Senator Urges U.S. to Seek Extradition of Arab Terrorists
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Senator Urges U.S. to Seek Extradition of Arab Terrorists

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A leading U.S. senator has joined with the parents of terror victims in urging Washington to press for the extradition of Palestinians suspected of killing 11 American citizens.

Sen. Alfonse D’Amato (R-N.Y.) said Tuesday that the United States should set a deadline for Palestinian Authority Chairman Yasser Arafat to turn over 12 Palestinians for trial here.

Failure to comply should result in the loss of U.S. financial aid to the Palestinian Authority, D’Amato said at a news conference organized by the Zionist Organization of America.

The news conference took place outside a federal building in lower Manhattan, only blocks from the courthouse where two suspected terrorists will be tried for the Aug. 7 bombings of American embassies in Kenya and Tanzania. Twelve U.S. citizens were among the more than 250 people killed in the explosions.

The anti-terrorism act of 1996 permits the prosecution on American soil of individuals who allegedly kill U.S. citizens abroad.

“What about the Americans killed in the Middle East?” New York state Assemblyman Dov Hikind asked the crowd of about 40 people. “Are they less American than those killed in Africa?”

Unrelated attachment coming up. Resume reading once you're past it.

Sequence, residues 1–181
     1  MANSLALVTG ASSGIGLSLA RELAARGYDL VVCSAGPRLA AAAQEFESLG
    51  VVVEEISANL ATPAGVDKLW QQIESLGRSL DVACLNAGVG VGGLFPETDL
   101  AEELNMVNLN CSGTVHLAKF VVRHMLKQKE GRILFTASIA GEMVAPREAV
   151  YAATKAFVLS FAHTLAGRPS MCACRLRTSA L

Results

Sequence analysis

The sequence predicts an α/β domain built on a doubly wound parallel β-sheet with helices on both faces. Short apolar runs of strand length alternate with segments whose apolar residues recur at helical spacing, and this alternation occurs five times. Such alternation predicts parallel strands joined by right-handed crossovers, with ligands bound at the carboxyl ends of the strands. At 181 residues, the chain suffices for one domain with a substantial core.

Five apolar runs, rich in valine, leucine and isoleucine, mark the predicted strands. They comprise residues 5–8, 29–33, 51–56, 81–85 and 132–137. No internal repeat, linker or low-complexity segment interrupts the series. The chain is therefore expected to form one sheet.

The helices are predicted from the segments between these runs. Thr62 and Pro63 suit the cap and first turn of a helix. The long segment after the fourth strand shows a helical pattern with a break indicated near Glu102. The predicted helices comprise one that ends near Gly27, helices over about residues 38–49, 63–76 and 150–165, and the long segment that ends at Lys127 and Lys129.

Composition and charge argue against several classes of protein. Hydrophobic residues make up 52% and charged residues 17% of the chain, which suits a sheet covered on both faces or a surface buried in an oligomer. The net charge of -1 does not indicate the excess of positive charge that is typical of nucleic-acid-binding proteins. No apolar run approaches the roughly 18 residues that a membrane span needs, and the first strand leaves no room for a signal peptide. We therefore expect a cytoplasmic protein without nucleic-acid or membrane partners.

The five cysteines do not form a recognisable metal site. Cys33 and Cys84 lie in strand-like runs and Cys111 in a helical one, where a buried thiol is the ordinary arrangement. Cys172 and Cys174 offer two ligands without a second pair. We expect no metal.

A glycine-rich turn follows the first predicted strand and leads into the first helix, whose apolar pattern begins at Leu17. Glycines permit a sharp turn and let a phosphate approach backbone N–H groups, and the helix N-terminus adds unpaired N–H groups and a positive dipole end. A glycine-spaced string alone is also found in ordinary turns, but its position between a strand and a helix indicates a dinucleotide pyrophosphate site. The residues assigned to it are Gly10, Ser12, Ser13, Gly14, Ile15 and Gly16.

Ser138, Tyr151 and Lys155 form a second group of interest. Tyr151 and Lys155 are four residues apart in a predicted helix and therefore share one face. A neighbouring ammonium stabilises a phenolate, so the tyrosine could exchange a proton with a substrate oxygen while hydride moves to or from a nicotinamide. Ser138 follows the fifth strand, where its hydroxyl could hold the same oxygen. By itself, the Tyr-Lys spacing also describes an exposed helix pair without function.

D’Amato announced that he would send a letter to Secretary of State Madeleine Albright demanding that she seek action to extradite and try Palestinians identified by the Israeli government as having been involved in the deaths of American citizens during the past four years.

Also speaking at the news conference were Stephen Flatow, Joyce Boim and Vicki Eisenfeld, the parents of three of the Americans killed in terrorist attacks.

“I will not rest until justice is done,” said Boim. “My son’s blood is as good as any Americans wherever they were killed.”

The news conference attracted some local media coverage and a few curious passers-by — an illustration, some in attendance said, of the lack of attention the call for U.S. prosecution of Palestinian terrorists has generated.

But in May, the House of Representatives unanimously supported, in a vote of 406-0, a bipartisan resolution calling on President Clinton to address the matter.

Earlier that month, 62 congressional representatives sent a letter to Attorney General Janet Reno calling on the Justice Department to “investigate, indict, and prosecute any individual who kills, attempts to kill, or engages in a conspiracy to kill a U.S. national in a foreign country pursuant of a terrorist act.”

D’Amato’s involvement in the cause follows his successful campaign on behalf of Holocaust survivors to wrest payment from Swiss banks and an Italian insurance firm. His appearance at the news conference also comes amid his re-election campaign.

Noting that the Palestinian Authority receives $100 million in U.S. aid annually, D’Amato said it was “not acceptable” to allow Arafat “to continue business as usual.”

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